D.C. motors adapt to many design options, but unlike D.C. motors, the stepping motor for a similar size or smaller does not require gearing to achieve maintainable and holding torque at standstill. Observations of systems requiring voltage demands at (42V) operating volts (net).
TOPS supply the complete range of stepper motors and can design products to optimise your application reliability and performance. The care that we take and our commitment to understanding your requirements helps you to improve your position in the market place. We offer a very large range of stock products — standard and high torque — and our world class manufacturing facilities around the world enable us to provide you with swift sample qualification and customised products.
There are three basic types of stepper motors: variable reluctance (VR), permanent magnet (PM) and hybrid. Our selected range of hybrid stepper motors allows you to benefit from the advantages of both VR and PM. Hybrid stepper motors have high resolution, excellent holding and dynamic torque and can operate at high stepping rates. These excellent positioning motors have rotational speed proportional to the frequency of input pulses (stepping rate). A complete range of electronic drives is available that can function at half step (1 and 2 phase) and full step (2 phase) modes.
We also supply a family of stepper motors with integrated electronics, which offer a reduced footprint, easy connection and a lower cost: the STM series.
To select the correct stepping motor for your application, we will assist you to determine:
Stepping motors can be operated from simple switching devices or multi-axis controllers, incorporating technology software that allows us to reprogram and use memory capabilities. Our solutions include PLC, P.C. compatibility and intelligent controllers with drive circuits for the stepping motors.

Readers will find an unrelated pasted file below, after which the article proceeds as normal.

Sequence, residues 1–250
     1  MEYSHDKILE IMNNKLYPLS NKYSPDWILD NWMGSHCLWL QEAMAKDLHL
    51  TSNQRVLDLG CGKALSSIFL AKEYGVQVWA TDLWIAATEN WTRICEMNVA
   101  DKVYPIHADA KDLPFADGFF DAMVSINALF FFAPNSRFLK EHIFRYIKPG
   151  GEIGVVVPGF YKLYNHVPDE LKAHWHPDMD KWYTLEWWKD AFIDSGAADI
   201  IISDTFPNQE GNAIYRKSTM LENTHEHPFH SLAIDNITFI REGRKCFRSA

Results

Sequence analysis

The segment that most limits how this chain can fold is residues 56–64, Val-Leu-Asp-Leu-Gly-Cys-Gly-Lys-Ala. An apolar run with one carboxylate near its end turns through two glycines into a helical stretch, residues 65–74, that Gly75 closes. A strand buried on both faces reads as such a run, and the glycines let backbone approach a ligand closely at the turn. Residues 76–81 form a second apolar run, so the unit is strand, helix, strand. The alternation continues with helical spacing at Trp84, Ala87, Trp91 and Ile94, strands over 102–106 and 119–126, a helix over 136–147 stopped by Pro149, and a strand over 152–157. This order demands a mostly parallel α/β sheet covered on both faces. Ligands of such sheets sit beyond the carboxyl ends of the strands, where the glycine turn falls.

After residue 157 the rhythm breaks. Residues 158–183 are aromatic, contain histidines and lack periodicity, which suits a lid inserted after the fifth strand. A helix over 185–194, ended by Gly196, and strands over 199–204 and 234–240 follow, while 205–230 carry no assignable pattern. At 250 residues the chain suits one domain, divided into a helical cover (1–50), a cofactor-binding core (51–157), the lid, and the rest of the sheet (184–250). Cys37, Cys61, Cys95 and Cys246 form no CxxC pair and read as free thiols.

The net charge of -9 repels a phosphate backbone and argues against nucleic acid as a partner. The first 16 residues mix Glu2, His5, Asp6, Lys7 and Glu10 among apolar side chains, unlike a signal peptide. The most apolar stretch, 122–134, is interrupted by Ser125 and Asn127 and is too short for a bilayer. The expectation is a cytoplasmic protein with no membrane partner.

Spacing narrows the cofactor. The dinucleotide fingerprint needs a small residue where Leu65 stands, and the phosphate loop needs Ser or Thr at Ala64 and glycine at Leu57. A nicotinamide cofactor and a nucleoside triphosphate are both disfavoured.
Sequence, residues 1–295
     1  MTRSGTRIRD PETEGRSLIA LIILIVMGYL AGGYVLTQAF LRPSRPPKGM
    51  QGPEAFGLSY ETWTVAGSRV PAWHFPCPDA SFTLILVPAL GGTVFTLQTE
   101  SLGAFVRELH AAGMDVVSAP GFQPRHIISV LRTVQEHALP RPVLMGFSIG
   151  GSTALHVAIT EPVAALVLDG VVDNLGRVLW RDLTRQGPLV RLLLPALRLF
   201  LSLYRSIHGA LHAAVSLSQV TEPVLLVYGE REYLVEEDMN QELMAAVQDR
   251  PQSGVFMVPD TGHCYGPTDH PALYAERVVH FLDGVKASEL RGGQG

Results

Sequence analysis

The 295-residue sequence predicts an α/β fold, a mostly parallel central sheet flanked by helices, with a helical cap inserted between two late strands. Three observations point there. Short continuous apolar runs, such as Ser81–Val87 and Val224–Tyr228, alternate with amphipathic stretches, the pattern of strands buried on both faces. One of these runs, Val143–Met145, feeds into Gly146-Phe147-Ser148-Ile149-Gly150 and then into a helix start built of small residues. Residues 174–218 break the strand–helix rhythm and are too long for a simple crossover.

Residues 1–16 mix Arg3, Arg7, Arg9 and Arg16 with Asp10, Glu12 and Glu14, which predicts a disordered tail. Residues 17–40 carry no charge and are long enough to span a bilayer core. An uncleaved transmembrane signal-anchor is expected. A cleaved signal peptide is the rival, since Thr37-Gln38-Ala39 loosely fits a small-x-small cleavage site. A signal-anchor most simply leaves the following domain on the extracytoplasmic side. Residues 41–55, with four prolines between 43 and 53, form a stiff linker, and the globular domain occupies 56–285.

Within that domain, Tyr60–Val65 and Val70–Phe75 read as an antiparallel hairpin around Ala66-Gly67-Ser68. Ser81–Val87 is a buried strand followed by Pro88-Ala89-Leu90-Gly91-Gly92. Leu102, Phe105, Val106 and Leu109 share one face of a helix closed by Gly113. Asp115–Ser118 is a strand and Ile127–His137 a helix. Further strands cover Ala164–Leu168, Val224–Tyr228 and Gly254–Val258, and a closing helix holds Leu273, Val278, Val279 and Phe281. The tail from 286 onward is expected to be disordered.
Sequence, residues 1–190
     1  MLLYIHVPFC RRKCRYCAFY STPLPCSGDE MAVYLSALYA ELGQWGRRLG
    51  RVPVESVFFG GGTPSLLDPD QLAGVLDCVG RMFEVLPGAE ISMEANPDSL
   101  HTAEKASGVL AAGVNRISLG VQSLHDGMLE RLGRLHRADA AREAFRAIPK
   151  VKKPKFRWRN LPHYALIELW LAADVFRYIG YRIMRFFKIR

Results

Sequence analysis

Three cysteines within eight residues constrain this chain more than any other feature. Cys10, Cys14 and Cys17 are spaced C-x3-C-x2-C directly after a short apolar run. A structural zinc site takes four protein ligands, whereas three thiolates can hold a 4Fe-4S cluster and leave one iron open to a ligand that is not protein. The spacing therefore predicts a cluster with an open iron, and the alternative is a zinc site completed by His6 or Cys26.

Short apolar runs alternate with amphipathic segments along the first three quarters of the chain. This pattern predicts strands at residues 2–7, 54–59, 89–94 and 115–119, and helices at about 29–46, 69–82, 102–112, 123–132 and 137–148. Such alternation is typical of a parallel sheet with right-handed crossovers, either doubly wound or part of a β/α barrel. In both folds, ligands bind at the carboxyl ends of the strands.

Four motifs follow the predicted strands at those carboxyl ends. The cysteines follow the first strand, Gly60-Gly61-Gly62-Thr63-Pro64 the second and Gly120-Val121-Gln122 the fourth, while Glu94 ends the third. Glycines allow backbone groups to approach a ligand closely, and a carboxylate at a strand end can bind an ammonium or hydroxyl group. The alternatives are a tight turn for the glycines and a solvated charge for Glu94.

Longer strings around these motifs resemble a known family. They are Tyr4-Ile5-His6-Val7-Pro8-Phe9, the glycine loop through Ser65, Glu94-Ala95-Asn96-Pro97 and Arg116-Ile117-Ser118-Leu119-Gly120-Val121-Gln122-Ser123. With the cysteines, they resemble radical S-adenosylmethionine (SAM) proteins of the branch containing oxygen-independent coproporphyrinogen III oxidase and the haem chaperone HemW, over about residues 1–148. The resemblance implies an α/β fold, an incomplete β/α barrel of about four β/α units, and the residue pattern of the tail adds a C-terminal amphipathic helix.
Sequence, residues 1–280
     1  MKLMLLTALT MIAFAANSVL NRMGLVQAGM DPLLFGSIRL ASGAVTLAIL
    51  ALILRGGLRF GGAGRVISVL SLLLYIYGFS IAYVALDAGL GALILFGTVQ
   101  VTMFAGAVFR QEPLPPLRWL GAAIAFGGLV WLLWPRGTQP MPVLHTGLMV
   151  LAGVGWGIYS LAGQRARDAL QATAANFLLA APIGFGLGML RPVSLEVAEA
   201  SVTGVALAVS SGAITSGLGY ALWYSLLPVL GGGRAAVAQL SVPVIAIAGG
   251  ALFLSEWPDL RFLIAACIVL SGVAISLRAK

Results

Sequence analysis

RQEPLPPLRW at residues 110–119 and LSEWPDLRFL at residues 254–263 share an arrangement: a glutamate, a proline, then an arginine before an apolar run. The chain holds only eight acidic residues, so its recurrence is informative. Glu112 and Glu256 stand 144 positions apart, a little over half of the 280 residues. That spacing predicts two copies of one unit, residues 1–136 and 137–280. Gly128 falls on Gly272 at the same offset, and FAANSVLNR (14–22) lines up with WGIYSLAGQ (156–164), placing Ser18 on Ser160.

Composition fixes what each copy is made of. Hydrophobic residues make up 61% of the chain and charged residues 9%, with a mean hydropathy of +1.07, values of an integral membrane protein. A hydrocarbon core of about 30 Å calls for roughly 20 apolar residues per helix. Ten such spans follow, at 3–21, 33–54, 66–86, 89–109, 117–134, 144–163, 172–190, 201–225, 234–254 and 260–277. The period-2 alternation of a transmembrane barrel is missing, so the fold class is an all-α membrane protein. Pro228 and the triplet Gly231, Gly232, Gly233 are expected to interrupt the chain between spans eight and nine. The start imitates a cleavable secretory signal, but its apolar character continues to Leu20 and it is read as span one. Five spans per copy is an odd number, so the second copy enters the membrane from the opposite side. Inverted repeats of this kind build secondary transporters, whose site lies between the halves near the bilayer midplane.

We provide the drive circuit with a form of control, so that the input pulses into the drive circuit can be organised and used to distribute power from the power source sequentially to the motor phases, thus creating a rotating field.
Stepper drive circuit: Receives pulsed signal and can be controlled by an ON/OFF device, switching input between two levels of voltage.
Direction: Determined by device position High/Low.
Speed: Achieved by adjusting the pulse source, using an oscillator.
Stepping rate: Stepping rate can be changed with the type of drive, so that half step or microstepping can be achieved.
Memory: Stepper motors in multi-axis conditions can benefit from management systems with built-in programmable memory which enables single mode operation or repeated sequential operation.